Uploaded by Ahmed Alabwabi

Eating Disorders

Eating Disorders
Dr. Ahmed Elabwabi Abdelwahab
MD. Psychiatry
Assisstant professor
Albaha university
Eating Disorders
Some statistics
• Eating disorders have increased threefold in the last
50 years
• 10% of the population is afflicted with an eating
• 90% of the cases are young women and adolescent girls
• Up to 21% of college women show sub-threshold
• 61% of college women show some sort of eating
Three Types of Eating Disorders
• Anorexia nervosa- characterized by a pursuit
of thinness that leads to self-starvation
• Bulimia nervosa- characterized by a cycle of
bingeing followed by extreme behaviors to
prevent weight gain, such as purging.
• Binge-eating disorder- characterized by
regular bingeing, but do not engage in
purging behaviors.
• Anorexia is a misnomerappetite is normal Distorted
body image.
• Excess fear of fatness And
excess emphasis on
Anorexia Nervosa
• Restriction of energy intake
resulying in significant weight
• Poor sexual development in
• Low sexual interest in adults
Anorexia nervosa
• May exhibit unusual behaviors with
regards to food.
– preoccupied with thoughts of food, and may
show obsessive-compulsive tendencies
related to food
• may collect recipes or prepare elaborate meals
for others.
• Cutting foot into very small pieces.
• Restrictive type: high restriction of
• Binge eating/purging type:
–Regorous dieting with intermittent
binging ( large amount of food in
short period)
–Uses: vomiting (or emetics use),
laxatives, duiretics.
Complications of
anorexia nervosa
Risk of Death:
The Deadliest of all
Psychological Disorders
• Admission and:
– Restoring nutritional status
– Manage complications such as
dehydration and electrolyte imbalance.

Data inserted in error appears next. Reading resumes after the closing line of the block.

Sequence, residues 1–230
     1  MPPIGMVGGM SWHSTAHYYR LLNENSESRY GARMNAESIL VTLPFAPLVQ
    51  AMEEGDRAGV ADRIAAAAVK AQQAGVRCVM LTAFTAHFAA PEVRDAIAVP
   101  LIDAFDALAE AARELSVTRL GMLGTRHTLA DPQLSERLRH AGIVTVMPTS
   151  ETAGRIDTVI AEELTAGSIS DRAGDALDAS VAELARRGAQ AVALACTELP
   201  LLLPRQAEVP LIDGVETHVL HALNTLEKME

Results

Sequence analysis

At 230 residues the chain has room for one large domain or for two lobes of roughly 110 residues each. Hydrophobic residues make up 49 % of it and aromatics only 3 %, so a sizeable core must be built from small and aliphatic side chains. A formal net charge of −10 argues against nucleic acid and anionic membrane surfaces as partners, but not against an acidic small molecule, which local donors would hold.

• Combination of behavioral ways and
individual psychotherapy and family
• SSRIs and TCAs may be tried.
Bulimia Nervosa
• Qualitatively distinct from anorexia
• More common than anorexia nervosa.
• characterized by:
– binge eating
– Inappropriate ways of avoiding weight gain.
• A binge may or may not be planned
– marked by a feeling of being out of control
• The binge generally lasts until the
individual is uncomfortably or painfully
Bulimia Nervosa
• Usually in females.
• Common triggers for a binge
–dysphoric mood
–interpersonal stressors
–Intense hunger after a period of intense
dieting or fasting
–feelings related to weight, body shape,
and food are common triggers to binge
Bulimia Nervosa
• Feelings of being ashamed after a binge
are common
– behavior is kept a secret
• Tend to adhere to a pattern of restricted
caloric intake
– usually prefer low-calorie foods during times
between binges
More on bulimia nervosa
• Later age at the onset of the disorder
• Are able to maintain a normal weight
• Will not seek treatment until they are
• Most deal with the burden of hiding their
problem for many years, sometimes well
into their 30’s
Two subtypes
• purging type
– self-induced vomiting and laxatives as a
way to get rid of the extra calories they
have taken in
• non-purging type
– use a period of fasting and excessive
exercise to make up for the binge
of bulimia
Risk Factors for developing
an eating disorder
–Family influence
–Subcultures existing within
our society
Personality/Psychological Factors
Sense of self worth based on weight
Use food as a means to feel in control
Dichotomous & rigid thinking
Poor impulse control
Inadequate coping skills
Media and Cultural Factors
• Culture bound syndrome
• Belief that being thin is the answer to
all problems is prevalent in western
• Bulimia can be influenced by social
–It can be seen as a behavior, which is
learned through modeling
The Celebrity Thin Ideal
Challenges to treatment
• Lack of motivation to change
– intrinsically reinforced by the weight loss,
because it feels good to them
– may deny the existence of the problem, or the
severity of it
Lack of insight
– Not really about food.